(Table 1). However, although the liver cho- Apolipoprotein E knock-out mice lesterol level was lower in both colonized groups than in the control group, there was
As germ-free Swiss/NIH mice do not de- no difference between the Ec and EL groups, velop spontaneous atherosclerosis, we studied suggesting an effect of colonization but not the effect of L. delbrueckii in a model of specifically of L. delbrueckii on liver cho- atherosclerosis. Apo E KO animals fed on a lesterol. These results suggest that, although regular chow diet develop spontaneous hyper- it had no effect on blood cholesterol, L. cholesterolemia and aortic atherosclerotic le-
may be able to reduce the ab- sions after the age of 8 weeks. In this experi- sorption or increase the release of lipids ment, the animals received L. delbrueckii daily from the systemic circulation. to maintain the intestinal colonization.
A hypercholesterolemic diet can contami- There was no difference between groups nate the feces and consequently cause an when food and water intake and body weight overestimation of the fecal lipid and choles- were analyzed (data not shown). terol concentration. For this reason, we ana- Liver lipids and cholesterol were un- lyzed lipids and cholesterol in cecum con- changed after lactobacillus supplementation tents. No differences were observed in the (Table 2). Similarly, fecal lipids and 3-α- concentration of cecal lipids among groups hydroxy sterols (as indicators of cholesterol (Table 1). However, the EL group showed a excretion) were also similar when the Lac reduction of cecal cholesterol concentration group was compared to control animals, sug- compared to the Ec group (P = 0.047). gesting that L. delbrueckii has no effect on cholesterol absorption and metabolism un- der these experimental conditions.
As expected, blood cholesterol was higher
Table 1. Total lipids and cholesterol in liver and cecum of NIH mice colonized with
Escherichia coli or E. coli and Lactobacillus delbrueckii for 4 weeks or maintained than in wild-type animals (about 80 mg/dL),axenic (control).
confirming the spontaneous hypercholester- olemia occurring in these animals. However,
E. coli + L. delbrueckii
no statistically significant differences were
(N = 10) (N = 8) (N = 13) a b c seen between groups at the beginning (300 Liver lipids 322.0 ± 4.16 194.2 ± 21.81 105.3 ± 5.01 a b b mg/dL for both groups) or after 6 weeks of the
Liver cholesterol 24.4 ± 2.5 9.6 ± 0.8 8.1 ± 1.91
experiment (356 ± 26 and 399 ± 35 mg/dL for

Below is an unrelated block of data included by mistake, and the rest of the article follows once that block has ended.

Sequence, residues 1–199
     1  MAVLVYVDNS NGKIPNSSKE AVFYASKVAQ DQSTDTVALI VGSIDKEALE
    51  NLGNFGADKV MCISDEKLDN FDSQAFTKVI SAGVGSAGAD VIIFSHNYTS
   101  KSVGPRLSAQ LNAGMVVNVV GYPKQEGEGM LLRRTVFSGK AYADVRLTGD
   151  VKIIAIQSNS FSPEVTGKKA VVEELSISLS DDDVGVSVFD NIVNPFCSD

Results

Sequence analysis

Cecum lipids ND 20.0 ± 4.08 16.6 ± 0.55 a b Cecum cholesterol ND 2.4 ± 0.22 1.9 ± 0.14
control and L. delbrueckii-supplemented groups, respectively). These results demon-
Data are reported as mean ± SEM in mg/g. ND = not determined. Different letters on
strate, as observed in germ-free mice, no hy- the same line indicate statistically significant differences (P < 0.05, Student t-test). pocholesterolemic effect of L. delbrueckii. Likewise, lipoprotein analysis showed a simi- lar profile of atherogenic (VLDL + IDL +
Table 2. Hepatic and fecal total lipid and cholesterol of apolipoprotein E knock-out
mice receiving Lactobacillus delbrueckii for 6 weeks (N = 7 mice/group). LDL) fractions and also of the protective (HDL)
fraction for the various groups (Figure 1).
Parameter Liver Feces
We then analyzed atherosclerotic lesions in the aorta of mice from both groups. When
Control L. delbrueckii Control L. delbrueckii
the aortic valve was analyzed, no reduction
Total lipid 112 ± 9.2 96 ± 6.8 30 ± 13.9 30 ± 10.1
in lesion area was observed in mice from the
Cholesterol 4.1 ± 0.2 4.1 ± 0.2 4.1 ± 0.2 3.8 ± 0.5 2 Lac group (278 ± 76 x 1000 µm ) compared 2 Data are reported as mean ± SEM in mg/g. The controls received vehicle. There were to control (199 ± 95 x 1000 µm ). The ath- no statistical differences between control and L. delbrueckii-treated mice (Student t-
erosclerotic lesions in mice of both groups test). showed an initial lesion (fatty streak) com- Effect of Lactobacillus delbrueckii on atherosclerosis
posed of well-defined foam cells and sparse inflammatory cells (Figure 2). Since there was no difference in blood cholesterol or in atherosclerotic lesions between groups, it was concluded that L. delbrueckii does not have a positive effect in preventing athero- sclerotic lesions under these experimental conditions.
We investigated the effect of L. delbru-
on cholesterol metabolism in two dif- ferent models. In germ-free mice fed a hy- percholesterolemic diet, we studied the spe- cific effects of this bacterium on cholesterol absorption and liver and blood cholesterol concentrations without the interference of indigenous microbiota. However, wild-type (conventional or germ-free) mice are not the best models to study atherogenesis, since they do not develop atherosclerosis because of their high levels of the protective lipopro- tein fraction (HDL). On the other hand, apo E KO mice are good models to study athero- sclerosis, since their profile of blood choles- terol and lipoprotein fractions as well as atherosclerotic lesions are closely similar to the human (16). For this reason, we used apo E KO mice to study the influence of L.
delbrueckii specifically on atherogenesis.
Our results showed that colonization by L.